Top Florida Estate Planning Documents
When it comes to estate planning it can be hard to know where to start. The abundance of conflicting advice, information, and legalese can lead to overwhelm for many people, often causing them to not even try. However, breaking estate planning down into its most basic parts (documents) can help make approaching a larger estate plan much more manageable and easier to understand. Below, we’ll outline basic Florida estate planning documents that will have the biggest positive impact on your life and estate. This information is intended to be more general than comprehensive. However, if you would like personalized advice and feedback based on your specific circumstances and situation, contact the Law Offices of Larry E. Bray to schedule a consultation today.
Most Important Estate Planning Documents
- Valid Will. A valid will may seem simple, but it is an essential staple of a solid estate plan. A will allows you to determine how your assets will be distributed after your death. Without a will, a court will lack guidance on who you want to receive your assets, and will rely on Florida’s intestate statutes. This will usually result in the assets being divided between your spouse and blood relatives in accordance with the statute. However, the probate fees will be higher because of the additional work required by the court, so not only will you not have a say in how your assets are divided, but there will be less left to distribute. Note that even if you have a will, it will still have to go through the probate process to determine its validity, settle debts, and disperse assets. This can be a long and expensive process. However, the more you have planned for and included in your will, the more streamlined the process will be.
- Revocable Trust. As noted above, wills must be processed through probate court, which can be costly both in terms of time and money. Another consequence is that your loved ones and dependents (who may have relied on you financially) cannot access the money until the probate process is complete. A revocable trust provides an alternative that bypasses probate. By placing assets into a trust you allow them to avoid probate by simply transferring control of the trust to a trustee or qualified loved one upon your death. This ensures that your loved ones will have no lapse in ability to access necessary assets. Note that any assets not placed in the trust will still need to be addressed in a will and go through probate.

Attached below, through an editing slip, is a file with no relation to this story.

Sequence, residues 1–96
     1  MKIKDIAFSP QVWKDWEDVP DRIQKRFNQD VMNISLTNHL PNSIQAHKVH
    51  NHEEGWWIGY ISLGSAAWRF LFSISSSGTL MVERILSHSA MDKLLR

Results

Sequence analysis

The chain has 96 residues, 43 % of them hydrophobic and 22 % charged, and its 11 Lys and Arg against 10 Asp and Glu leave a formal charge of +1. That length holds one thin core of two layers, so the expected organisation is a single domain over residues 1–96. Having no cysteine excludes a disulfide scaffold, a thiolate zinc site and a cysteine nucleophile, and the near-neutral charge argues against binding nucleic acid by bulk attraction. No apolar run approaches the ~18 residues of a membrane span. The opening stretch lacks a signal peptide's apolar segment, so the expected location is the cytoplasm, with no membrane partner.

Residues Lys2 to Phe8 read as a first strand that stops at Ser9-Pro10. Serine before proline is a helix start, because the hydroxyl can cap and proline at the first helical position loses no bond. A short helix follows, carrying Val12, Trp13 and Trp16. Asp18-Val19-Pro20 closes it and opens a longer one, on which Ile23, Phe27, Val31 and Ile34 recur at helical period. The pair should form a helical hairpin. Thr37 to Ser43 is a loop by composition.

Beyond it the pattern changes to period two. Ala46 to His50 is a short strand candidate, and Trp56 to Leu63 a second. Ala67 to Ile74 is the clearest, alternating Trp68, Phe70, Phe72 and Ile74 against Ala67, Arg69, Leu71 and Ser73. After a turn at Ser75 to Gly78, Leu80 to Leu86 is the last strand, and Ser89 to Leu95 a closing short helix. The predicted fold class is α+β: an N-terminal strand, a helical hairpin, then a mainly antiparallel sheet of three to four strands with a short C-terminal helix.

- Financial Power of Attorney. A financial power of attorney is a document that you can create at any time, but that will not become effective until you are incapacitated. If such a time comes, your appointed power of attorney will be able to make financial decisions on your behalf (such as paying bills, listing your home for sale, etc.).
- Medical Power of Attorney and Living Will. Like a financial power of attorney, a medical power of attorney only goes into effect once you are unable to make decisions for yourself. A living will (contrary to implications of the name) does not deal with assets, but instead outlines your preferences for your own medical care (such as if you would like to receive life support, if you do not wish to receive blood transfusions, etc.). Appointing a medical power of attorney allows you to ensure that even if you are in a position where you cannot make medical decisions for yourself, that someone you trust will make medical decisions in your best interest and in alignment with your beliefs and desires.
Talk to a Florida Estate Planning Attorney
If you want to ensure that your assets, interests, and desires are honored after your death, and that your loved ones will be taken care of, contact a West Palm Beach estate planning attorney at the Law Offices of Larry E. Bray today and schedule a consultation.